“I barely made it here for this year. It was a long, hard road.

“Clearly there’s still a lot of things missing in my game that maybe 10, 15, 20 years ago were very simple and very normal for me to do. Nowadays, they don’t happen naturally anymore. I got to always put in the extra effort mentally to remember to do this or do that. I have a lot of ideas on the court, but sometimes I can’t do what I want to do.”

While Federer doesn’t lose often – especially in Grand Slams – he knows he’ll be fine, whether in a few hours or even a few days.

“Even though of course I’m disappointed I lost today, I feel like there was a chance, but that’s how it goes. I’ll be fine. I know how I am in these situations. I go maybe very hard on myself, I get very sad, and then after a few hours, even a few days, I’ll be totally fine again and be my old self. I have perspective about it, so it’s all good.”

Women’s No. 1 doubles seeds upset

Three-time major champions Barbora Krejcikova and Katerina Siniakova, both from the Czech Republic, who were the top-seed team in the women’s doubles draw, were upset in the quarterfinal round on Wednesday. Krejcikova and Siniakova, who won the Wimbledon doubles title in 2018, lost to unseeded Veronika Kudermetova and Elena Vesnina, both from Russia, 6-7 (6), 6-4, 9-7, in atwo hours and 42 minutes.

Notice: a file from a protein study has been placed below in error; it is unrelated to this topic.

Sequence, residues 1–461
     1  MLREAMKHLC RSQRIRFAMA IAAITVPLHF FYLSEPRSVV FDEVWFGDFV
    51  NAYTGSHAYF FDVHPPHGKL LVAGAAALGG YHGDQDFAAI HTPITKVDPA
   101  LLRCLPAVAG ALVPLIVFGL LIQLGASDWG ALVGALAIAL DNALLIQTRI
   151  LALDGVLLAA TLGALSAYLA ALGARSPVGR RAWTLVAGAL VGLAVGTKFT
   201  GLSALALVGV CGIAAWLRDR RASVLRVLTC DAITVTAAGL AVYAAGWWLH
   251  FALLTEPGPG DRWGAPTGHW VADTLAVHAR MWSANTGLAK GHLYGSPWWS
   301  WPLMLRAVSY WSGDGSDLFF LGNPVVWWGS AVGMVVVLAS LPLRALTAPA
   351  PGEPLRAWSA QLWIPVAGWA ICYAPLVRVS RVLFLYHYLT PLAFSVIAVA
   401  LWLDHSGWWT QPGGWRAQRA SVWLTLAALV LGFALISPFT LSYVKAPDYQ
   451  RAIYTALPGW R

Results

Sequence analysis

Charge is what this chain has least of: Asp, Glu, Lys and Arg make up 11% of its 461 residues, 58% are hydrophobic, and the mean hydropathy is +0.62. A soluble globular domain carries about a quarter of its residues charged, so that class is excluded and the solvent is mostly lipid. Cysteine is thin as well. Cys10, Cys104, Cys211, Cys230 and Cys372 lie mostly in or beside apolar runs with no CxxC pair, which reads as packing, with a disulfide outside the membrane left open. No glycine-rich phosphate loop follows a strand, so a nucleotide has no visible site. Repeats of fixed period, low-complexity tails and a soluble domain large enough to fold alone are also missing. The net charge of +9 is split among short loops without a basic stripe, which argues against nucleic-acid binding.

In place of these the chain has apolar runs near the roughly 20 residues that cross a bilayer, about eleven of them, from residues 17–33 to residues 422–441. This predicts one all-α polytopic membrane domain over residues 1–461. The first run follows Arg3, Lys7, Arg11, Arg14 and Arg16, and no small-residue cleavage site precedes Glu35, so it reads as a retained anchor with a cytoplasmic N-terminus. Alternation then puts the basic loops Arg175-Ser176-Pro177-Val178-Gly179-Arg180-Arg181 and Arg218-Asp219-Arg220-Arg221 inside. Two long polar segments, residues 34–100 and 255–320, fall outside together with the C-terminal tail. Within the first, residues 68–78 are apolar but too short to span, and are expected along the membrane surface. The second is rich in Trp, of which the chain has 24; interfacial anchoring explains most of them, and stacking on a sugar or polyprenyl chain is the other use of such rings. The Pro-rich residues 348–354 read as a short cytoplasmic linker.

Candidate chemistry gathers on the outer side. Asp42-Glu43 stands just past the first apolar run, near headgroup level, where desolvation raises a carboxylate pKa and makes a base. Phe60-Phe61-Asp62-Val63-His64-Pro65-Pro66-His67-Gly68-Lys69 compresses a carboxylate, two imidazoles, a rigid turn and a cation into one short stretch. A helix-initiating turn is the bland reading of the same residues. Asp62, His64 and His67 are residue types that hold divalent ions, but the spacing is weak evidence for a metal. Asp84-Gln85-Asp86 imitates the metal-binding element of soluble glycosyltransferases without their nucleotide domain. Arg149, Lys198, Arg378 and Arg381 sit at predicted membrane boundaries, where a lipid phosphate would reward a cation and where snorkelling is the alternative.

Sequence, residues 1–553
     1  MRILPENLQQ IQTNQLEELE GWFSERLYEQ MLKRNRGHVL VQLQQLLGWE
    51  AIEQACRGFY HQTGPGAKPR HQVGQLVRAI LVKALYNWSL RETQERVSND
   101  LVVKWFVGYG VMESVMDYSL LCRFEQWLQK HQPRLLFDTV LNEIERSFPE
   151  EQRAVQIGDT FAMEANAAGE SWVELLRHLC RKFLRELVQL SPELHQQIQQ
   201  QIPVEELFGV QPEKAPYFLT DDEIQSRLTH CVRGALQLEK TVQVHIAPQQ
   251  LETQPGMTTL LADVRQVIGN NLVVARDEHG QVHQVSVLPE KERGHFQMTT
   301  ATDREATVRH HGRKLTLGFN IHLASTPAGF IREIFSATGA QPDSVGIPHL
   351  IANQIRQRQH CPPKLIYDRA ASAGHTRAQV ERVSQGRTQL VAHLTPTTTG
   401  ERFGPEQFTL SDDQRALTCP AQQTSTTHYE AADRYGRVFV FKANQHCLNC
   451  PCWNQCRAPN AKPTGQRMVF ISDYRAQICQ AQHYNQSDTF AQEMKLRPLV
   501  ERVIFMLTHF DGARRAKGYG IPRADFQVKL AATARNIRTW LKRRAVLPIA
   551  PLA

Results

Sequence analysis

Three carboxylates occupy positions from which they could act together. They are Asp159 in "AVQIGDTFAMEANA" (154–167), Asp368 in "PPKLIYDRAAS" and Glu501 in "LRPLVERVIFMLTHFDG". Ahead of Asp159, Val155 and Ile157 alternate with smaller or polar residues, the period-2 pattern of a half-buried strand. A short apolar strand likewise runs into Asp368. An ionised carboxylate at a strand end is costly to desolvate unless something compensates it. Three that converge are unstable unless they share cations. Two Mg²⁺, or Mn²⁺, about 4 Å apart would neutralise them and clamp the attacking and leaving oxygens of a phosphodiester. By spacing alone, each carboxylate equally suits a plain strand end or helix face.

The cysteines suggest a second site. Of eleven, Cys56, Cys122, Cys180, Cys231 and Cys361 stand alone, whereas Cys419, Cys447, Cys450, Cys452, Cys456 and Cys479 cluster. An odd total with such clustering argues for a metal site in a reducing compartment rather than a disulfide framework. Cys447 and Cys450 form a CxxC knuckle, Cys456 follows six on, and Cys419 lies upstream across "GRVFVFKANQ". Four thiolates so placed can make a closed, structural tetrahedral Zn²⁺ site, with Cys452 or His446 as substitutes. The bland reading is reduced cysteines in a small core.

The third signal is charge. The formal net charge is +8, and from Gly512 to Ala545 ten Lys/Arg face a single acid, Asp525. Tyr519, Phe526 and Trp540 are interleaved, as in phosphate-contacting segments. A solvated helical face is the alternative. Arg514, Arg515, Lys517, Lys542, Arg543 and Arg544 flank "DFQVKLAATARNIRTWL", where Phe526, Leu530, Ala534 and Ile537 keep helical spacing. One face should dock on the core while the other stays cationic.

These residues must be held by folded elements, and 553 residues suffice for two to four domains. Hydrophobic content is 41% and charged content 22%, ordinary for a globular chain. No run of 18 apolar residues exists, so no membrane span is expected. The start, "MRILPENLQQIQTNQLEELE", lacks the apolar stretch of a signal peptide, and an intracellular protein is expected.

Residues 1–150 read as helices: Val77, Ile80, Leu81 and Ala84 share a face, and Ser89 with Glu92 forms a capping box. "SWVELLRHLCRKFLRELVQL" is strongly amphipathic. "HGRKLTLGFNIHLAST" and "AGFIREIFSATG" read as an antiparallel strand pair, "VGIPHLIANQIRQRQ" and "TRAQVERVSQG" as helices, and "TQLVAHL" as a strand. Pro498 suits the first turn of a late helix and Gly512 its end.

Next, Kudermetova and Vesnina will oppose Storm Sanders of Australia and Caroline Dolehide of the United States, who took out No. 7 seeds Latisha Chan and Chan Ha0-Ching, both of Taiwan, 7-5, 6-2.

Also advancing to the semifinals were: No. 3 seeds Hsieh Su-Wei of Taiwan and Elise Mertens of Belgium and No. 5 seeds Shuko Aoyama and Ena Shibahara, both of Japan. Hsieh and Mertens defeated Alessandra Krunic and Nina Stojanovic, both of Serbia, 6-1, 6-3, while Aoyama and Shibahara beat No 16 seeds Marie Bouzkova and Lucie Hradecka, both of the Czech Republic, 7-6 (3), 7-5.

Wednesday’s Wimbledon results

Thursday’s Wimbledon order of play

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Ajla Tomljanovic / Thank you Wimbledon